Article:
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4CPS-150 Pharmaceutical interventions in obese patients in haematopoietic stem cell transplantation
  1. C Montero-Vilchez,
  2. S Cano Dominguez,
  3. MJ Gándara Ladrón De Guevara,
  4. MI Sierra Torres,
  5. AY Salmeron Cobos,
  6. A Jimenez Morales
  1. Hospital Universitario Virgen De Las Nieves, Pharmacy, Granada, Spain


Background and Importance Although obesity is a risk factor of inferior health, it has not been conclusively proven to be associated with worse outcomes in haematopoietic stem cell transplantation (HSCT). Despite the insufficient scientific evidence, the American Society for Blood and Marrow Transplantation (ASBMT) consider that some drugs used in conditioning therapy before HSCT may need dose adjustment in obese patients in order to reduce toxicities, such as gastrointestinal and haematologic toxicities.

Aim and Objectives The objective of this study is to assess pharmaceutical interventions of dose drug adjustment in obese patients during hospital admission following the ASBMT recommendations.

Material and Methods Prospective observational study of obese patients receiving HSCT from January 2021 to August 2023. Drugs that required weight dose adjustment were busulfan, etoposide, cyclophosphamide, thiotepa and carmustine. Patients were categorised by body mass index (BMI): normal (<25kg/m2), overweight (25–29.9kg/m2), obese (30–39.9kg/m2) or severely obese (BMI>40kg/m2). Dose adjustment was made when real weightţ >120% of ideal weight and BMI ≥27kg/m2. Pharmaceutical interventions were carried out for a correct drug dosage.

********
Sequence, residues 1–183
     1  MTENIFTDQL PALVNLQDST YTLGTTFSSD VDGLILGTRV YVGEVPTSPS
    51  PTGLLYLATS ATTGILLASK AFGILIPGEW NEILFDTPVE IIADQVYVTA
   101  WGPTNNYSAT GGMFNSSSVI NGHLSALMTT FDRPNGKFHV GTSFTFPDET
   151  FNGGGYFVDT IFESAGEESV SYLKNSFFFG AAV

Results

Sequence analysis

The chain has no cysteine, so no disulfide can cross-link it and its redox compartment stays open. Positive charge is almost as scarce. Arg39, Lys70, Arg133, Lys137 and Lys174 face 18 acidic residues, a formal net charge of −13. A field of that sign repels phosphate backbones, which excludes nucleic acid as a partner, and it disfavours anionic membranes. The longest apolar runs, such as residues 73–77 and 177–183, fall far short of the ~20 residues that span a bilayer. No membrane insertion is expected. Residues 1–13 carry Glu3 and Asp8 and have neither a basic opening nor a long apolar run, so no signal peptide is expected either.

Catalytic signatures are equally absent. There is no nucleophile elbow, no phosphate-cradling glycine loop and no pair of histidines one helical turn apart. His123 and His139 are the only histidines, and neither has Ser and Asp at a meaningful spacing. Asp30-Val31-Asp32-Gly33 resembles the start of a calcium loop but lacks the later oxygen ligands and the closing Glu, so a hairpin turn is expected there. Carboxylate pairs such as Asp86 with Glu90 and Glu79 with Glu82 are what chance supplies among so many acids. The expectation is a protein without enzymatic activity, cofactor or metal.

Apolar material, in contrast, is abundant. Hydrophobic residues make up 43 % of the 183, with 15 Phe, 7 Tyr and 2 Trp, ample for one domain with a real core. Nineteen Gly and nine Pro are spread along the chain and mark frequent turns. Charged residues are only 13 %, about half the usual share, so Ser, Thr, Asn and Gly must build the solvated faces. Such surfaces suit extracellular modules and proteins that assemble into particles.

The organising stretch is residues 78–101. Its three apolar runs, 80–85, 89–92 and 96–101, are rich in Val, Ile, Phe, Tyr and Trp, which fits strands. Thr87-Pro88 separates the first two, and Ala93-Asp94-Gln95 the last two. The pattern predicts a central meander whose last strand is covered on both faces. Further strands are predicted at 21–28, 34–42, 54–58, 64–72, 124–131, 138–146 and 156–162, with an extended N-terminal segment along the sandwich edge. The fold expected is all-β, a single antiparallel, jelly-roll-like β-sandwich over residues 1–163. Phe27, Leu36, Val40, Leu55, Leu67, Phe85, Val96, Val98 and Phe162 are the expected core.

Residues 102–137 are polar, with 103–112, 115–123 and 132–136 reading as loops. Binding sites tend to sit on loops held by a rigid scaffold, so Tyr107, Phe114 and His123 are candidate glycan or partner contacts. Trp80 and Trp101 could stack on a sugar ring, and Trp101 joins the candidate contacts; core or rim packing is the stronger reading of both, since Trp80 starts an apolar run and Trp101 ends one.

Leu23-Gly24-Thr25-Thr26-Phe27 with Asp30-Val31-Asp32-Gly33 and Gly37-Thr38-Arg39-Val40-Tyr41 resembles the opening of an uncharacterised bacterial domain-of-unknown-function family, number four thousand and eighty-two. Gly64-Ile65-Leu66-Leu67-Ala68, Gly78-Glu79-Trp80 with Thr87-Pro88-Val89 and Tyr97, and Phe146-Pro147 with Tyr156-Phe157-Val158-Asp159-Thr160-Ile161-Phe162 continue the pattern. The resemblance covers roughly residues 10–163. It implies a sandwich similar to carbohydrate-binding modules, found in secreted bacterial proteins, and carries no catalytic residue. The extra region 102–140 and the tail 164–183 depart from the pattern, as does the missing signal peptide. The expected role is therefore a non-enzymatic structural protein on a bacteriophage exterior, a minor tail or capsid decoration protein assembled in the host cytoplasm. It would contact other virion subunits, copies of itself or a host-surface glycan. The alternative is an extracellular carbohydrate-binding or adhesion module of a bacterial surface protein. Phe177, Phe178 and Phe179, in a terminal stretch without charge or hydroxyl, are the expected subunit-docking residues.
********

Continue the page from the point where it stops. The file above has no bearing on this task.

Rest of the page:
Results 154 adult patients received HSCT in the study period (87 autologous, 67 allogeneic) for haematological diseases. In 77 (50%) patients had been prescribed a chemotherapy drug that required weight dose adjustment, 31.2% (24/77) patients were overweight or obese, so they needed a prescription, pharmaceutical review. Median BMI of these patients were 31 kg/m2 (28–32). Out of these 24 obese patients, 17 (70.8%) medical prescriptions were reviewed and 23 drug doses were modified after pharmaceutical intervention to get an appropriate dose in obese (10 busulfan, 6 thiotepa, 5 carmustine, 2 cyclophosphamide).

Conclusion and Relevance Selecting the optimal dose of conditioning chemotherapy in obese patients is complicated, but the role of the pharmacist is essential to optimise chemotherapy in obese patients receiving HSCT, working with the haematologist in a multidisciplinary team. Further research is necessary to corroborate whether these dose adjustments provide real benefit in reducing toxicity.

Conflict of Interest No conflict of interest.

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